And oddly, an interesting take on any problem can be found in strange places, late at night, while staring at the TV. Alas, and though it sounds trite, sometimes the unexpected arises when you’re least expecting it, that much is true. Here’s the problem with philosophy’s relevance to life (or lack thereof) as diagnosed by a character in one of my new favourite shows on HBO, Here and Now (Season 1, episode “From sun up to sun down”). One of its main characters, Greg, is a philosopher going through his own existential crisis, which spills over into a faculty meeting:

Dude 1: “If we could maybe discuss something serious for a moment? They have changed the soap in the bathroom to this weird orange gravelly watch-a-ma-call-it. I mean c’mon, are we a university or a sewage plant?”
Greg: “Oh my God.”
Dude 2 towards Greg: “Do you have something you would like to add?”
Greg: “Yes, actually, um what are we doing here?”
Dude 2: “Having a faculty meeting.”
Greg: “Great then why aren’t we talking about how the number of students declaring philosophy as a major has steadily declined over the last 20 years?”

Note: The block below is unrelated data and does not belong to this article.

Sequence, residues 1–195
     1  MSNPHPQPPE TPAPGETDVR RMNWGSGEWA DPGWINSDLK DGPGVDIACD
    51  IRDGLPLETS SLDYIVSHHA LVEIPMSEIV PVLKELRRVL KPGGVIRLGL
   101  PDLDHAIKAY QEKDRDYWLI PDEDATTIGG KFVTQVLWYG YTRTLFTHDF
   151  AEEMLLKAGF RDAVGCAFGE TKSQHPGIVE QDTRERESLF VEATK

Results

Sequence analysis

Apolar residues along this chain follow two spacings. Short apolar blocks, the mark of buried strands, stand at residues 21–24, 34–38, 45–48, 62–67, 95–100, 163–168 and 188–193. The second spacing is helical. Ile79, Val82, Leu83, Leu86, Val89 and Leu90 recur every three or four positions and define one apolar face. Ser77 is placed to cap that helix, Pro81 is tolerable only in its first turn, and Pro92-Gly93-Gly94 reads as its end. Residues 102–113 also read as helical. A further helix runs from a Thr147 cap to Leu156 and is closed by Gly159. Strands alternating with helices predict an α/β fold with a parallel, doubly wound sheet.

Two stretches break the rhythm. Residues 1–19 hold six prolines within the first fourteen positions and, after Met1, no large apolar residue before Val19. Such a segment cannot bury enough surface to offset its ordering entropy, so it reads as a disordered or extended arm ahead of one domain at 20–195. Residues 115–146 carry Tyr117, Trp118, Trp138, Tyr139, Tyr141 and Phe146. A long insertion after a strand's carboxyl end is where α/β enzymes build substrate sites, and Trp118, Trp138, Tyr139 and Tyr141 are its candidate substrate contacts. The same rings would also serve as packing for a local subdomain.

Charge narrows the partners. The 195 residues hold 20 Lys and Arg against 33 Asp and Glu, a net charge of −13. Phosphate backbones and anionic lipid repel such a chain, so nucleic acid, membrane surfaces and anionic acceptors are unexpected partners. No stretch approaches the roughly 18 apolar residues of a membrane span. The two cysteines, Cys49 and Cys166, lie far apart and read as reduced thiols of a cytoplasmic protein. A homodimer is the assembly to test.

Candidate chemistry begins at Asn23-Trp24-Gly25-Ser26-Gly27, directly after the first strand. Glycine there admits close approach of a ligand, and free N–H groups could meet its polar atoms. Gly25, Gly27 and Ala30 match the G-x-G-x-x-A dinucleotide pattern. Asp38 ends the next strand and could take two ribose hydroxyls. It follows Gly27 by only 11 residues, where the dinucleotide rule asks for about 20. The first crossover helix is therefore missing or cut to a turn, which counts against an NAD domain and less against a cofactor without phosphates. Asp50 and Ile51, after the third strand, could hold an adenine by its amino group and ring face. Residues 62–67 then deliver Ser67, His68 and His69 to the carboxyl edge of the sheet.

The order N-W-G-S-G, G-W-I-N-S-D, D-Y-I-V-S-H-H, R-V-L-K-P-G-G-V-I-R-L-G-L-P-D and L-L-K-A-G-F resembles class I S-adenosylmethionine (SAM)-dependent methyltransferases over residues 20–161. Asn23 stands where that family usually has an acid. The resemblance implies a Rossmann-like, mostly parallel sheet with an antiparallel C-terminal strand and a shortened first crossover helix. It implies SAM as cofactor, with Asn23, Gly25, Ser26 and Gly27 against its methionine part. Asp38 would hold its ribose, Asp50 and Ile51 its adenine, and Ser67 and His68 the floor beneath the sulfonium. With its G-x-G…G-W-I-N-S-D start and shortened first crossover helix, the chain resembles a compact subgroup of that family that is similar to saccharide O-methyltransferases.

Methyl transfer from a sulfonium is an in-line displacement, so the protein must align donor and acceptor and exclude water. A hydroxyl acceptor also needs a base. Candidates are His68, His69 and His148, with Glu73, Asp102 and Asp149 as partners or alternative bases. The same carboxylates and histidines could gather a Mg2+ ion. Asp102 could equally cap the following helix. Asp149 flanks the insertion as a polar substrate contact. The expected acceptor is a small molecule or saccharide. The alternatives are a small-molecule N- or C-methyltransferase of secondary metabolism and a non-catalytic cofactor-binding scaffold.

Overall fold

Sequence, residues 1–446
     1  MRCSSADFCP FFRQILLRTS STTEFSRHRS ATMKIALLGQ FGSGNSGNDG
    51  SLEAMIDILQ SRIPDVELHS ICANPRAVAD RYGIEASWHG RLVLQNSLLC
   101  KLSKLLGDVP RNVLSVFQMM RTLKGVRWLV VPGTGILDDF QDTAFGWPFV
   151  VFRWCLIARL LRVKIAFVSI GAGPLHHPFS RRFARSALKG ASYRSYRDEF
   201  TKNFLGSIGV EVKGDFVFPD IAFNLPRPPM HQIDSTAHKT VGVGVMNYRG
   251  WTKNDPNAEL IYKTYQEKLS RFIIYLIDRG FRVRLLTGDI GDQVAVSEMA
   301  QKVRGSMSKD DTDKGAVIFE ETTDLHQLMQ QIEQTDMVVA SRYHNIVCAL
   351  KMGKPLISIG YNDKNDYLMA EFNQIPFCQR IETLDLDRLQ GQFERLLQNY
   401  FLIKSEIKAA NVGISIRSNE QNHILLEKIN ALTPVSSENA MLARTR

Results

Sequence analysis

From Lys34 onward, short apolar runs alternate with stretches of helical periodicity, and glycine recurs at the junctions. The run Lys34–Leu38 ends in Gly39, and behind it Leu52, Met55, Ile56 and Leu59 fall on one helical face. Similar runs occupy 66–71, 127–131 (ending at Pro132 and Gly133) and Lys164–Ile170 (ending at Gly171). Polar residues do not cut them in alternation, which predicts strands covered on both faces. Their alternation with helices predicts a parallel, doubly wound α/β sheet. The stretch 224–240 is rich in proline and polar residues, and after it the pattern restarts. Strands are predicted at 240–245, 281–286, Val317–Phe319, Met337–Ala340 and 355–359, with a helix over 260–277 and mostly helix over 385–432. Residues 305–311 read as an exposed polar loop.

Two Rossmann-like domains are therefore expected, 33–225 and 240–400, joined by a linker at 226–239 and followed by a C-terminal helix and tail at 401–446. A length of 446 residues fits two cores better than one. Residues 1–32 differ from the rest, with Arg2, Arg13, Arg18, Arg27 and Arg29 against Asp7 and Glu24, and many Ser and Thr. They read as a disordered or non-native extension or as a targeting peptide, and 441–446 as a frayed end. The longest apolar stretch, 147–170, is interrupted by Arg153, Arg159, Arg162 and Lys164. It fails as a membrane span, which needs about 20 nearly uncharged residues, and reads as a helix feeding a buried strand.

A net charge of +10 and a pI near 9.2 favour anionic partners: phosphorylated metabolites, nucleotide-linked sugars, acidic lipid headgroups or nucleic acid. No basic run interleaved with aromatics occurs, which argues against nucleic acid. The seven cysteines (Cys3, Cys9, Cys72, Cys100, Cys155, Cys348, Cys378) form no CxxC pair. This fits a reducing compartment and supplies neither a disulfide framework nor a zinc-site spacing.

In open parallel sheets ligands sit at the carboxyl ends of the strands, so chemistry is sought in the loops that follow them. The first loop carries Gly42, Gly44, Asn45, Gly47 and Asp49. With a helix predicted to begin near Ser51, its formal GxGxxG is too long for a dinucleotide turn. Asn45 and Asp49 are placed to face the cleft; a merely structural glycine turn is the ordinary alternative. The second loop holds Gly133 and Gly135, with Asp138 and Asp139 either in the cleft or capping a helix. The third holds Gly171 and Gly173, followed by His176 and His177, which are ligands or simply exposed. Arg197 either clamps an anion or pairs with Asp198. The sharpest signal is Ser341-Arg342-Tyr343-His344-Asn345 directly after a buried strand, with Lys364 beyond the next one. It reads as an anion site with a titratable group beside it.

Dude 1: “[It’s because of] the internet?”
Greg: “No. It’s because what we are doing isn’t viscerally connected to anything. These ancient philosophers we talk about they were [persons] of action, literary giants, emperors of free thought. They lived in it, they fought for it, they were persecuted for it. The church even killed them for it. And here we are thousands of years later just decaying, in an ivory tower of insignificant old white men complaining about orange fucking soap. Nobody gives a shit. That’s the problem. Nobody gives a shit!”
Dude 2: “Greg are you drunk?”
Greg: “No. I’m not drunk” …..